Growing Up With Layla (Pattie Boyd)
I recently had a very vivid dream about a young girl who lives next door to Pattie Boyd. She and her Mother befriend her and... Well, the rest is in the story! I hope you all like it and that it's not TOO weird! :) Rate, comment, etc... Please! I love getting feedback! :)
Allow me to introduce myself. My name is Patricia Storm Rain. I was born on March 17th, 1961. St. Patrick's Day. My mother, Chelsea Marigold Rain, and father, Shade Tarragon Rain, were both hippies, although not when I was first born. All of our names were changed in 1965, right in time for the hippy revolution.
Because my parents were hippies, they called me Storm, my middle name, instead of Patricia, my REAL name, despite endless protests, but I only protested because of our beautiful next door neighbor, Patricia Anne Boyd; "Pattie", to the world. I absolutely idolized her as a child.
I remember quite a great deal of what I lived for in the sixties, mostly the later years though, and it's there that I shall begin the incredible story of my life living as Pattie Boyd's neighbor.
I had grown up in London as a child, always in the same house, for my parents hadn't a lot of money. My father had been an artist, (until Apple came to be) and my mother had spent her days cooking delicious desserts, like her famous homemade pies, and growing many fruits and vegetables to sell at the farmers market.
In 1966, drugs were very popular, and my parents had always smoked, but now they added pot, acid, and other drugs to the table. They had already started acting 'hippyish' by having 'natural' names, doing drugs, and dressing very oddly.
In 1966, I was 5, and therefore should be in school, but my mother had decided she would homeschool me instead of letting me 'get brainwashed by the government', she said.
I specifically remember a warm spring evening that year. My father was down in his studio as always, and my mother was busy baking in the kitchen when the doorbell rang. My mother asked if I would get it, my long, dark blonde, curly hair whipping wildly around behind me.
I opened the door, breathless from running, and looked up at a very pretty lady with long blonde hair and bright blue eyes. She made eye contact with me and smiled. I smiled back.
"Hello," I said.
"Hello! Is your mother home by chance?" she asked me sweetly.
"Yes, she is! Would you like to come in and see her?" I asked.
"Oh, yes, please, darling. That would be lovely," she responded, smiling again.
I let her inside and walked to the kitchen, the nice lady behind me.
"Mum," I called, "There's someone here to see you." My mother looked up from the pie she'd currently been filling, and gasped when she saw her.
"Oh, oh! I know who you are! Oh my! You're.... You're Pattie Boyd!" she exclaimed.
I looked at Pattie, awestruck. Even at that age, I knew what that nickname was from. "Your name is Patricia, too!?"
She giggled when she saw my shocked face. I'd never known anyone named Patricia, so it was amazing to me. I hadn't a clue who she was though.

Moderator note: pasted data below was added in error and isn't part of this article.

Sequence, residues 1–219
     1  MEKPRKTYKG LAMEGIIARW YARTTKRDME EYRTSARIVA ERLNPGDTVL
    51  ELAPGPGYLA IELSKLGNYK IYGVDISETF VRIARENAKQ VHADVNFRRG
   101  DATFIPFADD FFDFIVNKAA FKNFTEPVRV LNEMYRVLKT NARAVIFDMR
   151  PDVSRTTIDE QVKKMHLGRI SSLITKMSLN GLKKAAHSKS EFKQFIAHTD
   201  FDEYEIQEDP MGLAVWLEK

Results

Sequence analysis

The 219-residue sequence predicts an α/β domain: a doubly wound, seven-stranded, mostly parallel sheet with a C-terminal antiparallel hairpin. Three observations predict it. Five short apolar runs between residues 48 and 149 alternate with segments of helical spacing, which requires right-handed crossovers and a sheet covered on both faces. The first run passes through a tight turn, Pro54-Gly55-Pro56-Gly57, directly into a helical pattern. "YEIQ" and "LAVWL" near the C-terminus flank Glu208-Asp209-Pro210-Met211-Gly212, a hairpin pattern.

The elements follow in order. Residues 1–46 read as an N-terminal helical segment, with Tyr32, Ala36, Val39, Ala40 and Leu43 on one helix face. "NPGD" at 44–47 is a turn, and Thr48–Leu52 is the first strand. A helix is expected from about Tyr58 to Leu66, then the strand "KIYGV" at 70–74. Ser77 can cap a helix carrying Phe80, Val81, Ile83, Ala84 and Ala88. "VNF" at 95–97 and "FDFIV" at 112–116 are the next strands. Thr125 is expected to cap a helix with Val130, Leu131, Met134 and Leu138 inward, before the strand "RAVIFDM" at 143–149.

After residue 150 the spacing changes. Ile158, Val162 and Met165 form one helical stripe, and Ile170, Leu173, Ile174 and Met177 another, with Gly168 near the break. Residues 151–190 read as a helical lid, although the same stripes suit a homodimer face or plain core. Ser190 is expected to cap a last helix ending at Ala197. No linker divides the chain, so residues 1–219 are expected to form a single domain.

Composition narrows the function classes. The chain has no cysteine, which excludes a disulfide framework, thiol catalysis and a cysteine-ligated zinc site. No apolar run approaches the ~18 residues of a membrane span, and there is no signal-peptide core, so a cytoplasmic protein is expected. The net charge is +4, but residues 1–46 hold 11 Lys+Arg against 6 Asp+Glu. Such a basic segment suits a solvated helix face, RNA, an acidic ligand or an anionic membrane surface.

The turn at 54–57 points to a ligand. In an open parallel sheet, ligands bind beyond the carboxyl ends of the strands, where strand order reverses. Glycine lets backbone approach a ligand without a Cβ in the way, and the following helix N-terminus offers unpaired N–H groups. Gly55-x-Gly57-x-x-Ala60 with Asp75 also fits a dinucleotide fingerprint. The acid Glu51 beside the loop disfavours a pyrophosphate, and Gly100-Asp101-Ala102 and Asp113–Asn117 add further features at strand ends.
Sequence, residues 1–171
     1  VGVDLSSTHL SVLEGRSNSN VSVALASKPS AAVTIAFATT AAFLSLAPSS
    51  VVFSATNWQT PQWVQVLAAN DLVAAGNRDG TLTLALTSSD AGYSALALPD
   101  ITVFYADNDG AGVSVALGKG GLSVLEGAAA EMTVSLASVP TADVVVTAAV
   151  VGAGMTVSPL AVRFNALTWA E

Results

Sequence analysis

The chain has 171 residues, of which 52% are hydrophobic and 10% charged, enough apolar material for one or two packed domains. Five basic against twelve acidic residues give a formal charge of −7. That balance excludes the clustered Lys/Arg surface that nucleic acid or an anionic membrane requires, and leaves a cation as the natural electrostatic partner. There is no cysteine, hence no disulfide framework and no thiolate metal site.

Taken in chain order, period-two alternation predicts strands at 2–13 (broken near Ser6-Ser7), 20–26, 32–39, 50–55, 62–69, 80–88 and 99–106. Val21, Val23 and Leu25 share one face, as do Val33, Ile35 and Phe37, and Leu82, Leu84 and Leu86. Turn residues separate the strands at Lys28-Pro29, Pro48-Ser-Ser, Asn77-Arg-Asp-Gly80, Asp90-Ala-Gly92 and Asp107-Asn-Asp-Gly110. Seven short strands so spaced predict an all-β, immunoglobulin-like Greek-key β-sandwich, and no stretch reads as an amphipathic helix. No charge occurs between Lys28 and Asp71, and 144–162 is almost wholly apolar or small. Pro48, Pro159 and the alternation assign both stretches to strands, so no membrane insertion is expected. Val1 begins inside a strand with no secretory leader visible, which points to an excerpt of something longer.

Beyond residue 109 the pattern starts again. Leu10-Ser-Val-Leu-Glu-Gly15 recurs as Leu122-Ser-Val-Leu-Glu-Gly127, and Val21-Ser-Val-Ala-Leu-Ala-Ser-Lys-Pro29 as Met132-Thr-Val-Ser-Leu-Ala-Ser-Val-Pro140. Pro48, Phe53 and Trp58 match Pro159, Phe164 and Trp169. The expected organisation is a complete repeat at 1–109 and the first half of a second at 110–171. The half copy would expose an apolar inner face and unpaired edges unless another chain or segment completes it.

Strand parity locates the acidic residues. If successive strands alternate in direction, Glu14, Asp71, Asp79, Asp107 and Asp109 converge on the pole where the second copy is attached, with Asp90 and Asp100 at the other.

"Yes, I'm Patricia, but I go as Pattie," she told me.
My mother quickly wiped her hands on her apron and scurried over to Pattie and I. "It's so nice to meet you, Pattie! My name is Chelsea, and this is my daughter, Storm. May I ask about this unexpected pleasure of hosting to you?"
"Oh, yes! Well, I hate to barge in like this, but could I bother you for some sugar? I was about to make tea and realized we were out," Pattie told Mum.
"Of course you can have some! Would you like to stay for tea here?" my mother asked.
"Oh, that would be absolutely delightful! It's dreadfully lonely at home at tea time, for George is on tour again," Pattie said sadly.
"Of course, of course! I know the feeling- my husband Shade is always down in his studio- and it just gets very lonely at times!" my mother agreed as she scurried around, making the tea.
Pattie looked down at me. "But at least you have someone as sweet as Storm here to talk to! How old are you?" she asked me.
"I'm 5! My birthday's on St. Patricks Day! When is yours?"
"Why, my birthday is on St. Patricks Day, too!" Pattie replied. I smiled widely.
Once the tea was made, my mother and Pattie had lively conversations about one anothers life; Mum was shocked that Pattie's self esteem was low because she modeled; Pattie was shocked that Mum was such a good cook. Pattie expressed how stressed she was- her mother kept saying how it's sad she hadn't had any kids yet, which Pattie was never desperate to have, and although now she wanted kids, she was having trouble conceiving- which Mum felt sympathetic about.
I don't know why Pattie and my mother became so close over the next few years; it could have been because Pattie wanted to learn how to cook and Mum was eager to teach, but it could've been because she liked being around children.
Regardless, they did, which had a huge impact on my life.
Pattie was the most beautiful woman I'd ever seen, and when she started coming over more and more, I started replacing the word 'pretty' with 'Pattie', which confused some when I would tell them, "You look so Pattie today!"
Pattie started coming over to visit us almost every day, bringing over pies, cakes, cookies, and other delicacies for us to taste, but it wasn't until after The Beatles last concert in Candlestick Park that I first met George Harrison.